On the outside, 7800 Susquehanna Street looks like an old brick factory, with hazy entrance windows, a cracked walkway and faded paint.
But recently, more than 100 people gathered at the Homewood location to celebrate the debut of the newest branch of the Swanson School of Engineering, a place dedicated to creation.
The makerspace at the Manufacturing Assistance Center, or MAC, of the Swanson School opened Friday morning. The space is designed to serve as a center for small businesses and companies to develop their products more effectively by providing a base for private businesses. Pitt students and Homestead residents will also have access to new machine presses and software to further skills such as manufacturing and metalworking.
Bopaya Bidanda, the chair of Pitt’s department of industrial engineering and the creator and director of the makerspace, first began developing the space last May. Bidanda said he saw an opportunity to promote both academics at Pitt and production in the Homewood neighborhood.
“I wanted to help give back to the community and make it accessible, whether someone is in grade school or is a housewife,” Bidanda said.
The makerspace is filled with rearrangeable tables and metalworking machines contrasting the laboratory-looking white interior. In the front of the room, a large projection screen is set up for any presentations that may be led. It includes a laser, 3D printing, woodworking and a soft-textiles areas as well. Classes at the center will be taught by faculty from the Swanson School as well as staff from the Pitt’s Innovation Institute’s Institute for Entrepreneurial Excellence and experts in different fields.
According to Bidanda, the makerspace is designed to help with production speed for small businesses, bringing single production to mass-production levels. The layout of the building allows for customization in the arrangement of tables, machines and other tools for developing an individual’s product. The new location is part of the 9,000-square-foot MAC, which features a full machine lab, classrooms, and other work spaces.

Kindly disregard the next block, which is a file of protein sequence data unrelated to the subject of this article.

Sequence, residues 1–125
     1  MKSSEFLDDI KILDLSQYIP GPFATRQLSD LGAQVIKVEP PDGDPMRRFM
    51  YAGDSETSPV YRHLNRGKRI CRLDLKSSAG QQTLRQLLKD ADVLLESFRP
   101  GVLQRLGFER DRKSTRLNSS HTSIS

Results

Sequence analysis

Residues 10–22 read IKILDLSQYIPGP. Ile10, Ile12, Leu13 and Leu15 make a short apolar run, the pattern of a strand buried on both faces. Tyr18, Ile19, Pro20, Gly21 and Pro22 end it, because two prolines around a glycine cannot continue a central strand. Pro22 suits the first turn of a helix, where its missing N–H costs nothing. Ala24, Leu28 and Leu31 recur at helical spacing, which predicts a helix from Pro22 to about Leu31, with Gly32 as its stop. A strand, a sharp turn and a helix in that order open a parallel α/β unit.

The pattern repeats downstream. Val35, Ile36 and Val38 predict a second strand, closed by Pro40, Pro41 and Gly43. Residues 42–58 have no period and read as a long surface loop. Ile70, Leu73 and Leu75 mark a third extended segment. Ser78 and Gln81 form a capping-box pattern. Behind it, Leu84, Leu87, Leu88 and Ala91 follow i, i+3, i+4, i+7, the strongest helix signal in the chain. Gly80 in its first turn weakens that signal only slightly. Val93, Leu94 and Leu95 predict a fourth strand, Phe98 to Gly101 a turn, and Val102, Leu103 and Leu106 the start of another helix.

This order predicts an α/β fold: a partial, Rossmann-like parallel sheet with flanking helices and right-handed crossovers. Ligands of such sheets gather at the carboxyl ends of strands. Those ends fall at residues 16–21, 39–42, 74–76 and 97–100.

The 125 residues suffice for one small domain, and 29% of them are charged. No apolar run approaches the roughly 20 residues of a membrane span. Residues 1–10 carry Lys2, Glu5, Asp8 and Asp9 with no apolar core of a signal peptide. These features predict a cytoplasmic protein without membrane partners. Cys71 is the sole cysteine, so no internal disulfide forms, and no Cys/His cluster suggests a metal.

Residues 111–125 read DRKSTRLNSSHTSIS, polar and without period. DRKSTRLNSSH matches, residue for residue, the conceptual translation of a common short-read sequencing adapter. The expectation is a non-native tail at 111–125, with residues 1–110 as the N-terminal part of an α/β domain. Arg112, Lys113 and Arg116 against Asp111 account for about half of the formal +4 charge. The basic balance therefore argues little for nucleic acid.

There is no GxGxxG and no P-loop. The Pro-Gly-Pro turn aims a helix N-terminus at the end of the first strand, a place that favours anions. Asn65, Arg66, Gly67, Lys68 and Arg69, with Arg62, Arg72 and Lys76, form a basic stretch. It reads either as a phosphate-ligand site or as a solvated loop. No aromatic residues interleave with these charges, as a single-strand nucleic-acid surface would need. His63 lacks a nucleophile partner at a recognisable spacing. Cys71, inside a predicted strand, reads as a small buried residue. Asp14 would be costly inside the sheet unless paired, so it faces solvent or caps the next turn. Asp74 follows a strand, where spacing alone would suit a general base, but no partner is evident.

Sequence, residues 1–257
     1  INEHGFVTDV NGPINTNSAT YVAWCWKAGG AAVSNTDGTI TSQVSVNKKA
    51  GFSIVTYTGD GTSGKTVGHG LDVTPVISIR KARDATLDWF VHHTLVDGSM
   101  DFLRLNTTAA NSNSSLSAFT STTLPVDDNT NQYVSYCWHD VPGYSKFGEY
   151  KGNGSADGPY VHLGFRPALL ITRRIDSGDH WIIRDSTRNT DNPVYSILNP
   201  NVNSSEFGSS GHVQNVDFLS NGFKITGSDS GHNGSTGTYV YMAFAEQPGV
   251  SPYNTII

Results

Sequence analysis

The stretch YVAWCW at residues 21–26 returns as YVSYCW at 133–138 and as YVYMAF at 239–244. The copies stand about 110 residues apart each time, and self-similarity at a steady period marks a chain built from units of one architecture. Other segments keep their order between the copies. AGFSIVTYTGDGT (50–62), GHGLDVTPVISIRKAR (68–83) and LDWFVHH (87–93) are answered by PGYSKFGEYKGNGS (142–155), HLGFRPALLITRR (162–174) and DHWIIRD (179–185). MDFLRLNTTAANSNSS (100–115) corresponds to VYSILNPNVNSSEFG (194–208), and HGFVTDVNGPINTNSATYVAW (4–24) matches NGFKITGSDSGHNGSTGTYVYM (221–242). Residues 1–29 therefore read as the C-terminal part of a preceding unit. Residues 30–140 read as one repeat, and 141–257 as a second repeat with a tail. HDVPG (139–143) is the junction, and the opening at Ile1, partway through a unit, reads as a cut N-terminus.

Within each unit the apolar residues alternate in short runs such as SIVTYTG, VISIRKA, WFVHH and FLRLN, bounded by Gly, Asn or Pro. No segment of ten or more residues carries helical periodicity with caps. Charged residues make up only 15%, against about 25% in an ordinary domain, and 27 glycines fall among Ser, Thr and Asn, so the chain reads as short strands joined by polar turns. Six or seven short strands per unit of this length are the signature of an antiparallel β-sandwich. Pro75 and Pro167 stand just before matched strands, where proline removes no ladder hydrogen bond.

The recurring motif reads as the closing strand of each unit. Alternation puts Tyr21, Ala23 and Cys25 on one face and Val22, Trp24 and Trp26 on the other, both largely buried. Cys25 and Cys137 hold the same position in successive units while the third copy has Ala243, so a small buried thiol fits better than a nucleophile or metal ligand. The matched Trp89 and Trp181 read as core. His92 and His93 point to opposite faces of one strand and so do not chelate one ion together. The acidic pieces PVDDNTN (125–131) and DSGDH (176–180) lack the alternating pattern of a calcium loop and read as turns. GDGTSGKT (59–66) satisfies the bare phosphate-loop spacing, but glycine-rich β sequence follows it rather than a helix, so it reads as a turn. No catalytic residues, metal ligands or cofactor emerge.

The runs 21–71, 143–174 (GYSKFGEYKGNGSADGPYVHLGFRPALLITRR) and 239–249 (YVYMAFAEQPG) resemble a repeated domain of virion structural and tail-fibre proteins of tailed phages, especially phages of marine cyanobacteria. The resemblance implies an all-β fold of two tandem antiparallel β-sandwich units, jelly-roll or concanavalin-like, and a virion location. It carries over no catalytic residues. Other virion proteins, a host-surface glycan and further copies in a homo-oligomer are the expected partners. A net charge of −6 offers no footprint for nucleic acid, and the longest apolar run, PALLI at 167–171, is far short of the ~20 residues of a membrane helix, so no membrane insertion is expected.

Currently run by Bidanda and other Pitt faculty, his goal for the new makerspace is to eventually have students running the facility by next year as instructors and advisors on projects.
“The makerspace is supposed to bring in the community and interest them in making their products,” he said.
Along with the MAC, 7800 Susquehanna houses other organizations not connected to the University. Local trade programs, small companies and studios also work out of the warehouse.
Vice Provost of Special Projects Larry Feick was in attendance at the opening, and said he sees this new makerspace as “having a very positive impact in Pitt’s image and in the community.” He is involved in helping develop programs connected to the upcoming training hub at University of Pittsburgh at Titusville, and said this space will serve as a blueprint for projects at the training hub.
“We’re committed to using this space to help lower-income families with making their own products and changing what is accessible to everyone,” Feick said.
Claire Guth, a marketing and outreach specialist for the MAC, said the makerspace aligns as well with the Plan For Pitt, an initiative aimed at furthering the University’s academic development and community outreach.
“The makerspace has an immediate impact on the underserved. A lot of our students come right from Homewood or take the nearby bus line,” Guth said.
Along with the makerspace, the MAC provides three different training programs — Precision Manufacturing, Computer Numerical Controls (CNC) Operations and Programming, and Advanced CNC and Mastercam.
Students spend eight weeks in the Precision Manufacturing program learning how to safely operate drills, mills, lathes, grinders and saws. In CNC Operations and Programming, students pick up more skills and are taught additional knowledge including the theory of G-Code machine-language programming. Students in Advanced CNC gain further skills and program verification.
Guth also said only two modules occur at a time, and each module has a capacity of 12 students, so the MAC currently serves around 24 students at a time.
One such student who has been making use of the smaller makerspace in Benedum Hall is Pitt senior mechanical engineering major Dani Broderick, who was also in attendance at the debut of the new makerspace. Broderick, who was an intern at the small space, said this new location will bring in new ideas to the MAC program.
“The high-fidelity materials offered by the University can help with improving the quality and community reach compared to in Benedum,” Broderick said.